The Donald in the Rearview Mirror
by Andrew Bacevich
Donald Trump’s tenure as the 45th U.S. president may last another few weeks, another year, or another 16 months. However unsettling the prospect, the leaky vessel that is the S.S. Trump might even manage to stay afloat for a second term. Nonetheless, recent headline-making revelations suggest that, like some derelict ship that’s gone aground, the Trump presidency may already have effectively run its course. What, then, does this bizarre episode in American history signify?
Let me state my own view bluntly: forget the atmospherics. Despite the lies, insults, name calling, and dog whistles, almost nothing of substance has changed. Nor will it.
To a far greater extent than Trump’s perpetually hyperventilating critics are willing to acknowledge, the United States remains on a trajectory that does not differ appreciably from what it was prior to POTUS #45 taking office. Post-Trump America, just now beginning to come into view, is shaping up to look remarkably like pre-Trump America.
The World According to The Don(ald)
by Tom Engelhardt
I know you won’t believe me. Not now, not when everything Donald Trump does — any tweet, any insult at any rally — is the news of the day, any day. But he won’t be remembered for any of the things now in our headlines. No human being, it’s true, has ever been covered the way he has, so what an overwhelming record there should be. News about him and his associates fills front pages daily in a way that only something like a presidential assassination once did and he has the talking heads of cable TV yakking about him as no one has ever talked about anyone. And don’t even get me started on social media and The Donald.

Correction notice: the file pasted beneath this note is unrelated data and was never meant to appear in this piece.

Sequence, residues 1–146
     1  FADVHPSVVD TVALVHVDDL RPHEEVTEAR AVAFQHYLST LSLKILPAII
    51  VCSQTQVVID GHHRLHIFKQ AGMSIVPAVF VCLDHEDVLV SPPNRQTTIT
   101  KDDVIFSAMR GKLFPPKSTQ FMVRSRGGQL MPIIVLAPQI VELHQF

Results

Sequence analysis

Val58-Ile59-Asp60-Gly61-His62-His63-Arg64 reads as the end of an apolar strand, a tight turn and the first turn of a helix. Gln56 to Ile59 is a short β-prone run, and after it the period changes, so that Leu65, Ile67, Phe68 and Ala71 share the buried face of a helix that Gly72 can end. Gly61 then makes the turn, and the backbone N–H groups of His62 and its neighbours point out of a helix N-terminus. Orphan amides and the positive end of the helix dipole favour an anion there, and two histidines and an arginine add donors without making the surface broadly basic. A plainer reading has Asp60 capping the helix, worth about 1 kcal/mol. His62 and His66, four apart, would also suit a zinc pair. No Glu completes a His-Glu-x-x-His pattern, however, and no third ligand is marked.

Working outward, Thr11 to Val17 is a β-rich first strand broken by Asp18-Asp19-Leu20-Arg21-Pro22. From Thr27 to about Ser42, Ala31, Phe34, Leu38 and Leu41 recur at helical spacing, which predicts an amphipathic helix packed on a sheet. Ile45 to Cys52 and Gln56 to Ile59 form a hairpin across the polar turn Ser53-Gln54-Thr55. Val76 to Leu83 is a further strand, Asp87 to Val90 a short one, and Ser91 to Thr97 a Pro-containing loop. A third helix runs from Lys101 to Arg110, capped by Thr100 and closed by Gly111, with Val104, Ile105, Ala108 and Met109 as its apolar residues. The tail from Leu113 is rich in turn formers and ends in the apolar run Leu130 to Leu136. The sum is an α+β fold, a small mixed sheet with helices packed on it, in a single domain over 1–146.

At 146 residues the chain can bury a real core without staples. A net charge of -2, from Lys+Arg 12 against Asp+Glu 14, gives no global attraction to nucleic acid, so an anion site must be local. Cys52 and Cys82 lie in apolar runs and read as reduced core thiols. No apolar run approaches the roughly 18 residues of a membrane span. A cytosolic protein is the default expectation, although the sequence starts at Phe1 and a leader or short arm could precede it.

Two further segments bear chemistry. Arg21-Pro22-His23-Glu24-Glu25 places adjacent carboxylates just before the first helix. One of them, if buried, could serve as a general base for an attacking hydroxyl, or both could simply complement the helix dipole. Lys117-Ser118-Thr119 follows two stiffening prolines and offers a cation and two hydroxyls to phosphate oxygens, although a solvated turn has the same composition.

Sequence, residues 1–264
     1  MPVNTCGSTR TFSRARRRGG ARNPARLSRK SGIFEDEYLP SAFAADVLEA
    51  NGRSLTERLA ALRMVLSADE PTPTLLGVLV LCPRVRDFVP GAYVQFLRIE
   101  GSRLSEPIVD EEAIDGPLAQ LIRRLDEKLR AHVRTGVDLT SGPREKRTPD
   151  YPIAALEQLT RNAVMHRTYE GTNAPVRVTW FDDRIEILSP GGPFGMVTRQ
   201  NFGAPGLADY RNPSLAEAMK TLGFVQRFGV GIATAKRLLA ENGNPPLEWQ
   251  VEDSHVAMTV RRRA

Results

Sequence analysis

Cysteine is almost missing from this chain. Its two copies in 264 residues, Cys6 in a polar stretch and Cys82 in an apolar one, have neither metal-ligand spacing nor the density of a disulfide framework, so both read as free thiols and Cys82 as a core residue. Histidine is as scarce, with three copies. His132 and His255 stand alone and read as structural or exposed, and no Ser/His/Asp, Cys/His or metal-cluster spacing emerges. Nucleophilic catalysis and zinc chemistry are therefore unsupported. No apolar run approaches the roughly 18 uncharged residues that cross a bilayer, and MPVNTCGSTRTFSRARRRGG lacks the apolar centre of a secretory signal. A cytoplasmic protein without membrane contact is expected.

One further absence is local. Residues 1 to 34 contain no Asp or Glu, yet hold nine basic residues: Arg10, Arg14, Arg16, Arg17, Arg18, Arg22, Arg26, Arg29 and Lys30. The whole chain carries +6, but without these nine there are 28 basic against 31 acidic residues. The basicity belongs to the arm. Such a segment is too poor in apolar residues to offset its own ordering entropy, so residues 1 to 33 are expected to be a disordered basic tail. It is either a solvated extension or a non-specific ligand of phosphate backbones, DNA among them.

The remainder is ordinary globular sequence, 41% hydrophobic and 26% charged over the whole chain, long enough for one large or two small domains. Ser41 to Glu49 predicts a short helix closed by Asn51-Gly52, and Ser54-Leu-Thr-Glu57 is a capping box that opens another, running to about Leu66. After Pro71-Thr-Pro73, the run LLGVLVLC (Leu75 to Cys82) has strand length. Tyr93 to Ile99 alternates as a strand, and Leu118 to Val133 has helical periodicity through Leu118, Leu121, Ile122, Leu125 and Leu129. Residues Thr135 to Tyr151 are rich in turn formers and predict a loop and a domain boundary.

A Simple Equation Proves That the U.S. Armed Forces Have Triumphed in the War on Terror
by Nick Turse
4,000,000,029,057. Remember that number. It’s going to come up again later. But let’s begin with another number entirely: 145,000 — as in, 145,000 uniformed soldiers striding down Washington’s Pennsylvania Avenue. That’s the number of troops who marched down that very street in May 1865 after the United States defeated the Confederate States of America. Similar legions of rifle-toting troops did the same after World War I ended with the defeat of Germany and its allies in 1918. And Sherman tanks rolling through the urban canyons of midtown Manhattan? That followed the triumph over the Axis in 1945. That’s what winning used to look like in America — star-spangled, soldier-clogged streets and victory parades. Enthralled by a martial Bastille Day celebration while visiting French President Emmanuel Macron in Paris in July 2017, President Trump called for just such a parade in Washington. After its estimated cost reportedly ballooned from $10 million […]